• Film / Media
  • Hunger, Perseverance, Change

    still from Hunger

    detail of still from Hunger

    I recently saw the film Hunger.   Aside from my interest in the subject matter, I was equally compelled to see this film because it was directed by British artist Steve McQueen.  The film is about the 1981 hunger strike by IRA protesters in Belfast’s Maze Prison that resulted in the deaths of ten inmates including their leader, Bobby Sands.

    I was curious to see how a conceptual artist such as McQueen would handle a narrative approach to a thorny, political subject and how he would depict the revered – and reviled – culturally iconic IRA activist, Sands.   I was also prepared to be visually assaulted after reading the many reviews online that describe the harsh tactics used by both protesters and prison guards in the film.   (The many reviews and screenings of this film have much to do with the fact that it won the Camera D’Or award at the Cannes Film Festival last year.)   And yes, the film might put you off your food for a little while but it is, in fact, a compelling, artistic visual buffet.

    I am also personally interested in this time period in Irish history because of my first visit there in the 1980′s.   This was a few years after the hunger strike and tensions were still very high in the North.   I have never forgotten the images of the barrier between north and south then – British soldiers armed with machine guns at the checkpoint barracade with barbed wire running over the top.  And the graffitti – the telltale signs of ongoing civil disobedience.

    The IRA hunger strike had made a great impression on McQueen as a child who was fascinated by the idea of human beings using their bodies as political weapons.  He felt that it was a story that needed to be told – and in narrative form.  He believed that was the best format for this specific piece of work, in part, to reach a larger audience.   But asked after the great success of this film if he planned a career as a feature filmmaker he said, ” I’m not in love with the 35mm camera any more than I’m in love with the paintbrush. It’s the idea I’m in love with.”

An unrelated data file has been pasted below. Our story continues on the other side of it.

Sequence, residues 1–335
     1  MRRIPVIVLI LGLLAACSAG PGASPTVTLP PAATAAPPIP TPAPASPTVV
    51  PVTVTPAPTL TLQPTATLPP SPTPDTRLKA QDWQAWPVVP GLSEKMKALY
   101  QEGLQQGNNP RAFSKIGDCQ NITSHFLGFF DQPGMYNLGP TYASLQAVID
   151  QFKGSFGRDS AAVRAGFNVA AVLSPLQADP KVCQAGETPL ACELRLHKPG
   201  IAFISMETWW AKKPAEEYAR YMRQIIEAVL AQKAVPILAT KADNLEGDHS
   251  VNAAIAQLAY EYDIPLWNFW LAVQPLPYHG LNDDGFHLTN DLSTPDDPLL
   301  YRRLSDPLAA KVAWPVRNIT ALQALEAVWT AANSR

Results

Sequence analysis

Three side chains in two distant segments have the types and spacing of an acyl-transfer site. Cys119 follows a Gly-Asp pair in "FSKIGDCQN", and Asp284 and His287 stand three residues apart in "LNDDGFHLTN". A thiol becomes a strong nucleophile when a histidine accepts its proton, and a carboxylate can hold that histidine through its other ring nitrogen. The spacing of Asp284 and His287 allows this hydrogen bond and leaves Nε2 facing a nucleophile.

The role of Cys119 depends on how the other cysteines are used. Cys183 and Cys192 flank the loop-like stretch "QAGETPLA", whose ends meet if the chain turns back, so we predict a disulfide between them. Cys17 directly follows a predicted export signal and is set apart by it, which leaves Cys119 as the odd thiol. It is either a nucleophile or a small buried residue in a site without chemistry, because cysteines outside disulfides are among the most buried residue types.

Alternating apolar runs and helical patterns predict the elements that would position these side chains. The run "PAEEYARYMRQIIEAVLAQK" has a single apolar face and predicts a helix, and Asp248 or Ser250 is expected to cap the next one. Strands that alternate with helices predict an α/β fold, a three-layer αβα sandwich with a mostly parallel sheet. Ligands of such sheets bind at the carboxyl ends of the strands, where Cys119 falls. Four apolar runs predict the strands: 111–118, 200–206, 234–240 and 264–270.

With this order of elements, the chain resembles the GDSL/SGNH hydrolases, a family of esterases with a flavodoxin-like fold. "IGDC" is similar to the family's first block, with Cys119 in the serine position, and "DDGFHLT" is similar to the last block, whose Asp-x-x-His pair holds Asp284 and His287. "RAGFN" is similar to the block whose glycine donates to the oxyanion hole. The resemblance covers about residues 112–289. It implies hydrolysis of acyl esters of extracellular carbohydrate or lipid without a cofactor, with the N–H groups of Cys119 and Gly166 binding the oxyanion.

Interestingly, the film does not engage the obvious politics.  Instead, the story is told through the thematic prisms of “man’s inhumanity to man” and personal perseverance and integrity in support of religious and political ideology.  McQueen also chose to tell this story primarily through imagery.  The film itself is 96 minutes long.  Only about a third of the film is propelled by dialogue.  Most of this happens during an 18 minute verbal tennis match between Bobby Sands (Michael Fassbender) and a visiting priest (Liam Cunningham).  The conversation is a debate about the motivations behind -and the ultimate value – of a hunger strike that would no doubt result in the deaths of some of the protesters and whether or not this would bring about any tangible change in the political stalemate between the IRA and the British government at the time.

    This scene is sandwiched between two larger, almost entirely visual parts of the film.  The beginning includes visuals, in painterly detail, describing the ordinary rituals of a prison guard getting ready for a day at work.  The scene at the breakfast table evokes a normalcy that includes close ups of crumbs on the napkin in this man’s lap only to be subverted by a shot of his hands with bruised knuckles.  Obviously, this does not depict anything ordinary.   We are later given more visual cues about this man’s life as he leaves for work, looking up and down the street and checking under his car for a bomb before he heads to work.

    So, how does a conceptual artist largely known for experimental filmmaking and installation work end up making this sort of film and what of it?  Well, it doesn’t hurt to win Britain’s top artistic award, the Turner Prize.  McQueen won this in 1999 for an experimental film that was somewhat of an homage to Buster Keaton.   Subsequently, he was approached by a BBC exec who asked him if he wanted to make a film – for which he was able to select the subject matter.   Nice work if you can get it.   McQueen will also represent the UK at this year’s Venice Biennale.

    Talent, opportunity and serendipity often make careers but not always.   Few artists ever reach the acclaim of someone such as McQueen.   He was able to parlay his obvious talent and background in experimental work into a narrative medium.  He cared about getting this story in front of a lot of people and chose this specific medium in order to do it.  And that’s the interesting thing – he chose a narrative medium to tell an important story to a large number of people with no apparent artistic compromises.  This is rare.  Hunger seems to be a true example of an artist creating a great piece of work at the right time and in the right way.

    A great interview with McQueen about the film can be heard on The Treatment with Elvis Mitchell at http://www.kcrw.com/etc/programs/tt.

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    1 Comment »

    1. Hi, very nice post. I have been wonder’n bout this issue,so thanks for posting

      Comment by KattyBlackyard — June 15, 2009 @ 5:34 am

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